I must admit to having been genuinely disturbed when I heard someone quoted as actually saying in a baptism service, “We’re not doing anything here — just making the baby wet.”
Apart from probably making everyone wonder why they’d turned up, it is not just distinctly un-Anglican but dangerously un-theological, in the sense that infant baptism is reduced to a gesture without a justification.
However, I suspect that behind this comment lies a problem for many Anglicans generally, namely what the sacraments actually do and how they are supposed to do it.
Those at the ‘catholic’ end of the Anglican spectrum may of course deny that this applies to them. Here, it may be claimed, there is absolute clarity about the sacraments — all seven of them. But I venture to suggest it is achieved by stepping outside the Anglican framework. Indeed the history of Anglo-Catholicism surely demonstrates that this is the case.
If we stick within the framework provided by the formularies that still hold sway in England — the Book of Common Prayer, the Thirty-nine Articles and the Ordinal — I find it hard to see how it is possible to maintain many of the assumptions of post-Tractarian Anglo-Catholicism. I understand that the Church of England accepts them as part of its ‘diversity’. I just don’t understand how you square them with the formularies.
But that tends to leave other Anglicans a bit lost, not least because our liturgy does not make things as clear as they might be. For example, it is clear in the service of the Lord’s Supper what is not going on, rather less clear what is actually happening, apart from “a perpetual memory of that his precious death”.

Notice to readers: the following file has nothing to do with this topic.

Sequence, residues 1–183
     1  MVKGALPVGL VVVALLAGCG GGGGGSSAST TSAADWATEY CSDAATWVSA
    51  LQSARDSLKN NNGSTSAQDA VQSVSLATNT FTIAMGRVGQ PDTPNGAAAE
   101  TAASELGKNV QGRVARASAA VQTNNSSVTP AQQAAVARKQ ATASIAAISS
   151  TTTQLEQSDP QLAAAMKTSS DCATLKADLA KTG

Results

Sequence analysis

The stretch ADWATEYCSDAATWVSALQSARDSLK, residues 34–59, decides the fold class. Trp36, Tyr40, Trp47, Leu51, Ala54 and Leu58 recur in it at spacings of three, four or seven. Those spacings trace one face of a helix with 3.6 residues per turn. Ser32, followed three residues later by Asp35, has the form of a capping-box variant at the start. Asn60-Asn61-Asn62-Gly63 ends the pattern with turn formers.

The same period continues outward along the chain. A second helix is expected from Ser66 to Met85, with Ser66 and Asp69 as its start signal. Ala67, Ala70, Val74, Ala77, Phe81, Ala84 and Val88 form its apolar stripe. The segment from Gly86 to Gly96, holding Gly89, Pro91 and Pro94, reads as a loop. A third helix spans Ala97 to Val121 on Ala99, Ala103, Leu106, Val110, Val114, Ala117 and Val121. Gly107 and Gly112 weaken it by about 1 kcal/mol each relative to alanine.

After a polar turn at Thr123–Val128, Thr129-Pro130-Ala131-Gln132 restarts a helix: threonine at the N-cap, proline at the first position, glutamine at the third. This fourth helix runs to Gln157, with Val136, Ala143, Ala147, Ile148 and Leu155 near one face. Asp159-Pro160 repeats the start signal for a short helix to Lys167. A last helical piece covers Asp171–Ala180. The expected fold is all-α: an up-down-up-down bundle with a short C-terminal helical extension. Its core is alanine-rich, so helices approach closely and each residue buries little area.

The epiclesis of 1549 has been removed. We no longer pray for any work of the Holy Spirit with regard to the elements. Instead, the prayer is that“we may be partakers of his most blessed Body and Blood”. But exactly how is not, I suggest, clear to the average worshipper. The communicant is encouraged to “feed on him in thy heart by faith with thanksgiving”. But what has this to do with the elements?
I am not the first to suggest that Cranmer’s liturgy expresses a ‘doctrine of the real absence’, especially when you realize that manual acts, supplementary ‘consecration’ and consumption of any remaining bread and wine are all additions to his 1552 liturgy. Even the ‘Amen’ at the end of the narrative of institution but before reception was introduced later.
And as if these realizations were not enough, the so-called ‘Black Rubric’ is abundantly clear:
... no Adoration is intended, or ought to be done, either unto the Sacramental Bread or Wine there bodily received, or unto any Corporal Presence of Christ’s natural Flesh and Blood. For the Sacramental Bread and Wine remain still in their very natural substances, and therefore may not be adored; (for that were Idolatry, to be abhorred of all faithful Christians;) and the natural Body and Blood of our Saviour Christ are in Heaven, and not here; it being against the truth of Christ’s natural Body to be at one time in more places than one.
We are tempted to conclude our clergyman quoted at the beginning may be on the right track. There really does seem to be nothing to see here! Thus when the Catechism famously defines a sacrament as “An outward and visible sign of an inward and spiritual grace”, the puzzle for many Anglicans is how the ‘outward sign’ conveys the ‘inward grace’. Do we need the sign at all?
Some time ago, however, my reading of Martin Luther suggested an elegant solution, which is in fact reflected in Cranmer’s own writings about the Lord’s Supper, namely that sermons and sacraments should be regarded as different versions of essentially the same thing.
The concept is clearer in Luther, I think because his doctrine of the word was central to his theology in a way that it was perhaps not for Cranmer. Nevertheless, when we read Cranmer and the Anglican Formularies in the light of what Luther says, his doctrine of the word certainly fits with our practice of the sacraments.
For Luther, the word of God was the ultimate way in which God acted in the world through the Church. All Christian ministry was therefore ‘word’ ministry. Thus he wrote in 1523,